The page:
It is, indeed, a brave new world – again.

  • 4 Comments
  • Tam Hunt Dec 09, 2010

    Nice piece Matthew. It is indeed an interesting conundrum we find ourselves in with respect to technology and living an authentic life. I just came across The Shallows, a continuation in some ways of McLuhan's work re how media literally changes our brains and our worldviews. A little scary but I'm generally optimistic that technology will lead us to better futures despite some pitfalls along the way.

  • Anonymous Icon

    olafa Dec 13, 2010

    I think technology is finally slowed up enough to let morality and ethics begin to catch up with it.
    Finally a beginning for the human race to reach out to help instead of for wealth. Lets hope anyway.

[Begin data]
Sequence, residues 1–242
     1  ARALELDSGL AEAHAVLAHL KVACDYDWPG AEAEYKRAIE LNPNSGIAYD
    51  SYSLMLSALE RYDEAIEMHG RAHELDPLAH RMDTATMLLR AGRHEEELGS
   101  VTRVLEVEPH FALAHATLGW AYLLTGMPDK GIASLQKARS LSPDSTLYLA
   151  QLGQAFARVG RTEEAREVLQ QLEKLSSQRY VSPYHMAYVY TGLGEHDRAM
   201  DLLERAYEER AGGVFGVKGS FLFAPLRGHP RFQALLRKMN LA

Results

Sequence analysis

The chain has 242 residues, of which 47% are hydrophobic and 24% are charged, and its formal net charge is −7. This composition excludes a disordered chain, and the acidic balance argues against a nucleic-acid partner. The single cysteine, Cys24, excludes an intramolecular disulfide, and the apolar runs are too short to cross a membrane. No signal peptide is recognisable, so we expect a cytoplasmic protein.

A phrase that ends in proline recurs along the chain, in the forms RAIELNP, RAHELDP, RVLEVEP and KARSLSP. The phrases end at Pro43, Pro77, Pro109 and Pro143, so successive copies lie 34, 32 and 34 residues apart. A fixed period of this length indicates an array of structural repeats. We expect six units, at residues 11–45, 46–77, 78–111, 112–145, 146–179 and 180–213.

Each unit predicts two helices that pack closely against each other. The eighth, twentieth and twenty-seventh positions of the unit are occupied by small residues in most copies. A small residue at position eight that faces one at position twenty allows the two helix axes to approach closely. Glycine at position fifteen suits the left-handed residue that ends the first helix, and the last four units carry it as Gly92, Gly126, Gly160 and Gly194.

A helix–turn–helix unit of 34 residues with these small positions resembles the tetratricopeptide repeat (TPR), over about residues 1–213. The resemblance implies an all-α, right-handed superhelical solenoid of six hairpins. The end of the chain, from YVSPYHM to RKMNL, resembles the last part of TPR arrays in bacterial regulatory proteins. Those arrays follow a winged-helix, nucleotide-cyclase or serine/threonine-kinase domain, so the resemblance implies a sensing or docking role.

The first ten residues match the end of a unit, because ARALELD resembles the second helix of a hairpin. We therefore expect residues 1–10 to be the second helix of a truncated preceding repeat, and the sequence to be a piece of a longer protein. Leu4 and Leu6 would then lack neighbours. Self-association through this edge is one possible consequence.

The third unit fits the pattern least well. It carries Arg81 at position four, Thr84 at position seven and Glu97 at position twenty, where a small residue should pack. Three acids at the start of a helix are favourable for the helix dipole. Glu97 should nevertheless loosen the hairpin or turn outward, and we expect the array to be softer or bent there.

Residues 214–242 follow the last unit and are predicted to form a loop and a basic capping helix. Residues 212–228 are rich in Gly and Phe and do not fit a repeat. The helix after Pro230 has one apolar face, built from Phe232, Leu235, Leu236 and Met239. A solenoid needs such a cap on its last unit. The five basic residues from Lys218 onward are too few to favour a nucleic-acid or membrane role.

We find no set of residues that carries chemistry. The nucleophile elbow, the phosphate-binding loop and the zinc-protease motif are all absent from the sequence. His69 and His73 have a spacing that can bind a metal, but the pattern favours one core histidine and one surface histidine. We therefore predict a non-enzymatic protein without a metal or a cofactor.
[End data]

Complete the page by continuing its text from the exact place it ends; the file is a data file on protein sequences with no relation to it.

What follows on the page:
• Matthew Gilbert Dec 13, 2010

    I'm not sure that the pace of technological change has slowed, olafa, but at least its impacts are starting to be scrutinized in a new way . . . while progressive, creative, well-intentioned people are using some of these changes to facilitate positive evolution of our thoughts, beliefs, actions, and even healing. Like everything else these days, media and technology offer deep paradoxes of hope and despair. Neuromarketing, anyone?

  • catharine Dec 14, 2010

    very interesting and hopeful. we will educate our inner landscape, create willingness, and begin the green work on mother earth in earnest. we will create new paradigms for illness and poverty outcome.

    but i also see a dark more sinister side if used to manipulate. our inner landscape is manipulated daily by media and cultural trends, and we do not want more of that.

    again, very hopeful, useful and exciting,
    thank you, catherine